HP has announced on its blog that it has purchased ConteXtream. HP has made it clear that it wants to become a force within cloud data centers. With HP’s already emerging position within the Network Function Virtualization field, the acquisition of ConteXtream seems like a no-brainer.
What exactly is Network Function Virtualization (NFV) and how can it help service providers? HP has indicated that it will market its new ConteXtream product to communications service providers.
Traditionally, data centers would use hardware to perform network functions such as packet optimization, firewall and filtering. When organizations choose to buy hardware to facilitate these tasks, there is an inherent disadvantage in doing so.
Traditional network functions that are serviced by hardware eats up man hours, server room space and overhead. With service providers operating on such thin margins as it is, virtualizing these functions and putting them in the cloud helps communication service providers regain an edge on price.
Network Function Virtualization also gives organizations the ability to provide custom tailored setups for each of their client’s requirements without having to build out additional data center infrastructure for each individual client.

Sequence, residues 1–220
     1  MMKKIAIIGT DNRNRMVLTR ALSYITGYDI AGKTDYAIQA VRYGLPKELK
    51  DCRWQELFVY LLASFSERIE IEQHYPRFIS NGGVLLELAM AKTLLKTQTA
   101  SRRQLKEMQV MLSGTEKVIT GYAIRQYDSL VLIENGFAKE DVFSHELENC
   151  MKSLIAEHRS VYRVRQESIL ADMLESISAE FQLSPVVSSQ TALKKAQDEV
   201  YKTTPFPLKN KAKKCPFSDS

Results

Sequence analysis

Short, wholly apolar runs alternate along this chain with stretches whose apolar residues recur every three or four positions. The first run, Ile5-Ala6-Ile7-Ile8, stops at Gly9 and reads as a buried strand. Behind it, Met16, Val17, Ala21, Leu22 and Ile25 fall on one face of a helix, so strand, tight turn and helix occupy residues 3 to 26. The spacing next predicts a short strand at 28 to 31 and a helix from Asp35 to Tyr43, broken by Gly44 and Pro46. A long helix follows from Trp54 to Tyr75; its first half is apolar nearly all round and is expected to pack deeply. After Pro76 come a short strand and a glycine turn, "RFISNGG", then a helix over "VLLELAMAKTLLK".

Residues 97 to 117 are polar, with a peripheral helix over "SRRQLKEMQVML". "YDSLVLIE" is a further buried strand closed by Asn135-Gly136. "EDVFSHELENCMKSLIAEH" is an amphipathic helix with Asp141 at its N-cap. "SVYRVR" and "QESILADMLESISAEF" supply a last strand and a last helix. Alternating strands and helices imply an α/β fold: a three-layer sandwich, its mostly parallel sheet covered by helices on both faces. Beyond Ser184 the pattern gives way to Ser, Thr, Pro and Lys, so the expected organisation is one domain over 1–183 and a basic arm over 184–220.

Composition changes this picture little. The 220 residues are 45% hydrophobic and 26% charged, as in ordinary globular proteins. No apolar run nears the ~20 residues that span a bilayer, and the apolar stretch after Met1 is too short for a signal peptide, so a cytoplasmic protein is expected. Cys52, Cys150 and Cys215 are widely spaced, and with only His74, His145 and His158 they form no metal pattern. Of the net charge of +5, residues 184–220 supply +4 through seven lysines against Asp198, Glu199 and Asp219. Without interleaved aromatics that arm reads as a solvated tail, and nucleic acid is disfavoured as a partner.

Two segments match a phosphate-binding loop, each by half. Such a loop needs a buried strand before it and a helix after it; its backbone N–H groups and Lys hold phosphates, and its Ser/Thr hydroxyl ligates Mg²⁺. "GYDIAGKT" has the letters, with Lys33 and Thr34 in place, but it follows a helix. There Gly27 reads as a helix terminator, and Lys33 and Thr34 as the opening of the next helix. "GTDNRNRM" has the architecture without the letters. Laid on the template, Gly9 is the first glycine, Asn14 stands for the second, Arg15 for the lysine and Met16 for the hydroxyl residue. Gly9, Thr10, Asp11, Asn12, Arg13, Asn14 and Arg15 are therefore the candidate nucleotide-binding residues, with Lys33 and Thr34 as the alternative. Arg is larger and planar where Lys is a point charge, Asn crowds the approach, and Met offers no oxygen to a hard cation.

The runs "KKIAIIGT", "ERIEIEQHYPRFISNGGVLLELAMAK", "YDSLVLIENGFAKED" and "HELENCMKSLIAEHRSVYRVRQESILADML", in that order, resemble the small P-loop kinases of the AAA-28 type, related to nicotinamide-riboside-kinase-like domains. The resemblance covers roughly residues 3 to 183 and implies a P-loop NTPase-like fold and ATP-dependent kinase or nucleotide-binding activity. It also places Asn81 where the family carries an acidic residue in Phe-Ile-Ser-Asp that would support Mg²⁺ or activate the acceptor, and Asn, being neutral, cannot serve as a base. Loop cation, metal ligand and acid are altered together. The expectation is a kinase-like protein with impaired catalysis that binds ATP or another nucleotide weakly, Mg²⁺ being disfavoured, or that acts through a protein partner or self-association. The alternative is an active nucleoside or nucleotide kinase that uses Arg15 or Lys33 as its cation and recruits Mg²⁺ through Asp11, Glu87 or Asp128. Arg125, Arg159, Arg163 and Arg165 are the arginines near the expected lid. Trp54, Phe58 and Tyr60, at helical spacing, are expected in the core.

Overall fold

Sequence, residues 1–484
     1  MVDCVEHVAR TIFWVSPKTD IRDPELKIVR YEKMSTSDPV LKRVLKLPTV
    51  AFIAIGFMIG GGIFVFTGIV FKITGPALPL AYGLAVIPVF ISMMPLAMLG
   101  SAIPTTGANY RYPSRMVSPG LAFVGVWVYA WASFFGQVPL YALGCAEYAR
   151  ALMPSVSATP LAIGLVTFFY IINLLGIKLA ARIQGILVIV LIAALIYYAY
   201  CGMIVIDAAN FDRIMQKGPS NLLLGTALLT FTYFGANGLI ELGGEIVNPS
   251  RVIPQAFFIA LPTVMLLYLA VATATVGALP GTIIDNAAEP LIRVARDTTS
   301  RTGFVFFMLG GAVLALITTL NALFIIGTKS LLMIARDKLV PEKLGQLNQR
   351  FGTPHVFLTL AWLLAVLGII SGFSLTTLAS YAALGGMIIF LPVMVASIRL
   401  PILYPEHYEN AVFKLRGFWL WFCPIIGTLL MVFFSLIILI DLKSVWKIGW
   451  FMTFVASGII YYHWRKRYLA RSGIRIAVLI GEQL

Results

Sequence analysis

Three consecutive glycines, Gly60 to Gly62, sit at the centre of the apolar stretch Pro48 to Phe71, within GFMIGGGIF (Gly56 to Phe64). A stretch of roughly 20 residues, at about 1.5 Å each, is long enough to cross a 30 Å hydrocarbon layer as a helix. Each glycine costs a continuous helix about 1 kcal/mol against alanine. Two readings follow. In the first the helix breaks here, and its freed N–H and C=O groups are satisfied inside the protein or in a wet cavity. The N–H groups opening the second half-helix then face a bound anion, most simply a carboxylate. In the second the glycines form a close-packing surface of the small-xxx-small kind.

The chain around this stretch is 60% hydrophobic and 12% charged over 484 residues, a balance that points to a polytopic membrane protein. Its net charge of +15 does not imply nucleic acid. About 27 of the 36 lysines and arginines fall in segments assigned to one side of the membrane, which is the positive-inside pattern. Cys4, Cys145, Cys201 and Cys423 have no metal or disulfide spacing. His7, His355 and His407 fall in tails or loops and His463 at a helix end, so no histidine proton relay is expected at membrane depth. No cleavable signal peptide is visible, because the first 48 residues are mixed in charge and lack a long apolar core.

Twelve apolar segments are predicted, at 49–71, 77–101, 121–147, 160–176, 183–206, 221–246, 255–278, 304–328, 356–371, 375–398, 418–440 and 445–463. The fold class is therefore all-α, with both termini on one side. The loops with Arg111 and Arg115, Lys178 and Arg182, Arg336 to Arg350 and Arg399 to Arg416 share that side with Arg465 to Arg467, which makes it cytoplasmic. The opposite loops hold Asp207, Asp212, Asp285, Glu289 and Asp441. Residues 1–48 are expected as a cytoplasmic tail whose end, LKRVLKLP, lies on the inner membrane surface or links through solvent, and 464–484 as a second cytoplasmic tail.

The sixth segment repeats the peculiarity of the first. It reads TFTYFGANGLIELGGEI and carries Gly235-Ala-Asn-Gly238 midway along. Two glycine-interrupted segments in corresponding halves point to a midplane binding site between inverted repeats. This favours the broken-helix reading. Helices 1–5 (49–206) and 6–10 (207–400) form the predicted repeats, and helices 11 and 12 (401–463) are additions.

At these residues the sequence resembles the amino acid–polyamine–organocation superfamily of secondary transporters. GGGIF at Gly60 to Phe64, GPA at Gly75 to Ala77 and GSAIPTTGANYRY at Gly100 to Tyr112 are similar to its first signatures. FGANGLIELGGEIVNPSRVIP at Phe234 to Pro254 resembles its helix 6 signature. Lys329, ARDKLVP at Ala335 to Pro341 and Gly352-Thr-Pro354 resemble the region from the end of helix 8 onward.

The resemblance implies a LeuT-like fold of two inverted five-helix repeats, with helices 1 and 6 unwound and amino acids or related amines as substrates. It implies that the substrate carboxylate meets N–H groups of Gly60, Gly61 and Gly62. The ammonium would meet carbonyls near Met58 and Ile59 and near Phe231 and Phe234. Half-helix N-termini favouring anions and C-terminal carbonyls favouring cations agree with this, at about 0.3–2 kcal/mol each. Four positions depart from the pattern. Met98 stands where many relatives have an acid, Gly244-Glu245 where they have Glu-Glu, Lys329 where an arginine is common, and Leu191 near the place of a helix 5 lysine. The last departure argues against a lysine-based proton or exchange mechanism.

Since HP operates the OpenNFV Program that has set forth standards and best practices for NFV, the acquisition of ConteXtream seems like a natural next step for HP. In fact, ConteXtream became a part of the OpenNFV community earlier this year.
ConteXtream is headquartered in Mountain View, CA. The company had emerged as a leader within the software defined networking field since its inception. HP says in its blog post that ConteXtream has been implemented by “a number of major networks across the globe.”
Nachman Shelef, the CEO of ConteXtream, will organizationally remain a part of project. HP reports that Shelef will report to Saar Gillai, Senior Vice President and General Manager of HP’s NFV Unit.